“The 50-50-90 rule: anytime you have a 50-50 chance of getting something right, there’s a 90% probability you’ll get it wrong.” ― Andy Rooney
[one_half padding=”4px 10px 0 4px”]A lot of people have trouble sleeping for a number of different reasons; for some medical, others emotional, and for some it is totally because they just watched the wrong movie before going to bed. It happens. Nightmares. We hated them as children because they were so wild and ferocious and creative. As adults, though, what we often hate about them is the fact they are too damn real. Nightmares for adults seldom involve exotic monsters drawn from an over-active imagination but, instead, come from real life, involving people we actually know and love, in situations we seem unable to stop.
I rarely have nightmares anymore. I don’t watch movies before going to bed. I’m careful to time my medicine. I pull my adventurous imagination back a couple of notches. And then, I don’t sleep that long. I’m blaming that on getting older. Typically, I can go a couple of hours before my body thinks we need to wake up and check the house for mysterious noises. But then, there are weeks like this one where it has rained every night, causing already problematic arthritis to go into hyperdrive, making it impossible to find a comfortable sleeping position for more than 15 minutes or so. The dark circles under my eyes are almost as black as my wardrobe. When one doesn’t sleep, one doesn’t have nightmares. A small consolation.
Then, there are the nine families in Charleston, South Carolina who are living a nightmare. Wednesday night was prayer meeting night. I remember what that was like. Every Wednesday, usually around 6:30 or 7:00 PM, the church doors would open and 15-20 people, on a good night, would trickle into the small sanctuary. We’d sing a song, Poppa would read a few verses of scripture, then would come the prayer requests. Every possible concern of the community would be raised, both personal and public. After about 30 minutes, they’d start praying, pray for another 30 minutes, then go home. Except, for these nine people, they didn’t go home. They were shot dead, right where they prayed, by someone who had sat through the whole service. A living nightmare in every possible sense.[/one_half]
[one_half_last padding=”4px 4px 0 10px”]Today’s photo was meant to be part of a composite where a beautiful young woman was awakened by a more frightening version of herself. The concept required shooting the model twice, once reclining in various states of slumber, and then again as the nightmarish self. Care to guess which this one is? Unfortunately, we only got one finished image from the set. I totally messed up the shoot, failing to mark my tripod settings correctly and thereby throwing off the perspective. Trying to composite the two pieces consumed days as I tried to correct the perspective and make something work. When I say there’s one finished image, it’s only because I eventually gave up and called it done. You won’t find it on display.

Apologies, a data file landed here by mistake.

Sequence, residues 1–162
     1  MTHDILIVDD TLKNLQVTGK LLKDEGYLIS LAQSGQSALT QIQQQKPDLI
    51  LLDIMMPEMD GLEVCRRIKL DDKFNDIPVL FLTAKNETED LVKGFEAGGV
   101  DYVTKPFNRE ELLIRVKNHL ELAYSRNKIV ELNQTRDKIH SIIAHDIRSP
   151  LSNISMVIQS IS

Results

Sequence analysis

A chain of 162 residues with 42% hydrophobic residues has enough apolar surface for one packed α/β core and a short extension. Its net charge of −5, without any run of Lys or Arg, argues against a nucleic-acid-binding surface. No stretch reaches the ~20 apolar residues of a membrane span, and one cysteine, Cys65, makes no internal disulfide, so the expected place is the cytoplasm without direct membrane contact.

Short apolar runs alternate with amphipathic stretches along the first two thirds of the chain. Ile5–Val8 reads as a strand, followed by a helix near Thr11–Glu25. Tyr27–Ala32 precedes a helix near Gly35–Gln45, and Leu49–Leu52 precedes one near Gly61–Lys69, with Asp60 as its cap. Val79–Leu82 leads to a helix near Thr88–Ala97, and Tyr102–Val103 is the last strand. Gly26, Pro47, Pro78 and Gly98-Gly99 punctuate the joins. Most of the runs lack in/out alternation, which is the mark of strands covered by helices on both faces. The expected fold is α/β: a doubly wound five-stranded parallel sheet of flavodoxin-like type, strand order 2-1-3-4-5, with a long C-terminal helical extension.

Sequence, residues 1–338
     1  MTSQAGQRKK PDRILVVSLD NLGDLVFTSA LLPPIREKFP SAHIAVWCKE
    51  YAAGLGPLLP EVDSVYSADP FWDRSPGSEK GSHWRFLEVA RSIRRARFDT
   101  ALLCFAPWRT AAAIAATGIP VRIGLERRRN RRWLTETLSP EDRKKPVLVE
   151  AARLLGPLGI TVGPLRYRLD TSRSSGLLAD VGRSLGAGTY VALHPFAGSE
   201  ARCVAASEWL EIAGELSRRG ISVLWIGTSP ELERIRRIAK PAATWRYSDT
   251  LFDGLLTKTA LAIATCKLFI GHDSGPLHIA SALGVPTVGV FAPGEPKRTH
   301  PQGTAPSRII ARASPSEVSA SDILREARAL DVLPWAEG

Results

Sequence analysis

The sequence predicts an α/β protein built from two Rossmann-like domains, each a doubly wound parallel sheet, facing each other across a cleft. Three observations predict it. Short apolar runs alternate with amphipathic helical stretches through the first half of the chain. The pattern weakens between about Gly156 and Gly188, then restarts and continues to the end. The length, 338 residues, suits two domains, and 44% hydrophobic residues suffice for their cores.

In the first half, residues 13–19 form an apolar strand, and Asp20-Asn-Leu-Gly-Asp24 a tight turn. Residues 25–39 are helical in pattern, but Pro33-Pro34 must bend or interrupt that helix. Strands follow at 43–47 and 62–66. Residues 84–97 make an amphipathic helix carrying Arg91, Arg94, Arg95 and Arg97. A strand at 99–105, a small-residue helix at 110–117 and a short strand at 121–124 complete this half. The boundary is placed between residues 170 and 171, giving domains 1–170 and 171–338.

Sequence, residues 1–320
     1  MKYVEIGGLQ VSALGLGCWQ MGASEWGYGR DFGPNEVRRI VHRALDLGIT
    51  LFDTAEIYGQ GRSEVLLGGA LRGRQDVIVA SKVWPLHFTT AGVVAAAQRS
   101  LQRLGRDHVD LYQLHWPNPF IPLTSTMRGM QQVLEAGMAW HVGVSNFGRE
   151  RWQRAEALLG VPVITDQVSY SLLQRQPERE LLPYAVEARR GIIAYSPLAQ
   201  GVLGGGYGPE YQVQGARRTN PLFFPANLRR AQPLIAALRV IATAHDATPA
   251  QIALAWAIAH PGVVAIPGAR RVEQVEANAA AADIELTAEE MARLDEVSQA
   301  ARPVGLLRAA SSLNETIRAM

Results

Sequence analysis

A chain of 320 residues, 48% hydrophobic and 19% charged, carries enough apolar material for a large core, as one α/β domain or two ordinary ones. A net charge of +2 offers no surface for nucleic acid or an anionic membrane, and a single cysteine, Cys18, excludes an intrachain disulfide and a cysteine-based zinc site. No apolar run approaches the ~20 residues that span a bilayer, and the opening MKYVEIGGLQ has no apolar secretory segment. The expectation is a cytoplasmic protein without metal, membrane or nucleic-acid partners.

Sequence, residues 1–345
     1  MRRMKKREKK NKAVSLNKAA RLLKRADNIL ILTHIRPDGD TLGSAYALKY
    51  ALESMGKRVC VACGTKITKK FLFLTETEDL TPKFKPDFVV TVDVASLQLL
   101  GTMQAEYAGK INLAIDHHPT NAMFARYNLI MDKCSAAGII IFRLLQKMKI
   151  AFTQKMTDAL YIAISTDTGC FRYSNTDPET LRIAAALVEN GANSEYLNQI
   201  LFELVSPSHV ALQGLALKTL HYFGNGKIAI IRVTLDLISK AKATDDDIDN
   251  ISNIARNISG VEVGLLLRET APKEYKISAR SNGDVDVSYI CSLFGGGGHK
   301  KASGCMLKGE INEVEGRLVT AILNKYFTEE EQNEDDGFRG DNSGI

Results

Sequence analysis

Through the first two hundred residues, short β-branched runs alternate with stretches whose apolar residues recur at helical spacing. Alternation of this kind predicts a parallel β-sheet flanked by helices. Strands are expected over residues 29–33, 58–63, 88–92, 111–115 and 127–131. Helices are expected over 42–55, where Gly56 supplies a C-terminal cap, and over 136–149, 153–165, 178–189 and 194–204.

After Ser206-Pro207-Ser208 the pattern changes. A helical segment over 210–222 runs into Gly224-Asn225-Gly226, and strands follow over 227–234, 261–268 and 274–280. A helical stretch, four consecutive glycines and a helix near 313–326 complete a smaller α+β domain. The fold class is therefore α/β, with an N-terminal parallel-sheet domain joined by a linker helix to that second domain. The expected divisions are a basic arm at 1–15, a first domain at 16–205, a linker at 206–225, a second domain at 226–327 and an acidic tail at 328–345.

When I opened this file and took another look, though, I couldn’t help but be impressed by the makeup work of Kelly Oswalt. Sara Williams is such a lovely little wisp of a thing in real life and Kelly did an amazing job of creating something a little more terrifying. Even without the accompanying “beauty” piece, this makes for an interesting and striking image. I also had to giggle a bit looking at this, as Sara is now eight-months-plus pregnant, about to deliver her first child any day now. Perhaps Sara can threaten the child when she gets older with something like, “This is what happens to mommy when you don’t take a nap.” Of course, then the baby would have nightmares, and that just doesn’t help anyone, does it?
I wish we lived in a world where all our nightmares were those derived from imagination. Unfortunately, that’s not the case. As long as there is hate there will be nightmares like that of Wednesday night. Such events do not happen in truly civilized societies. In fact, the United States is the only first world country where mass shootings such as this are an issue. Our nightmare has repeated itself far too many times and we fail to even bother looking for a reasonable solution for fear it might keep one person from carrying a gun or somehow diminish the shooter’s rights, despite the fact he’s trampling the rights of others to live peacefully.[/one_half_last]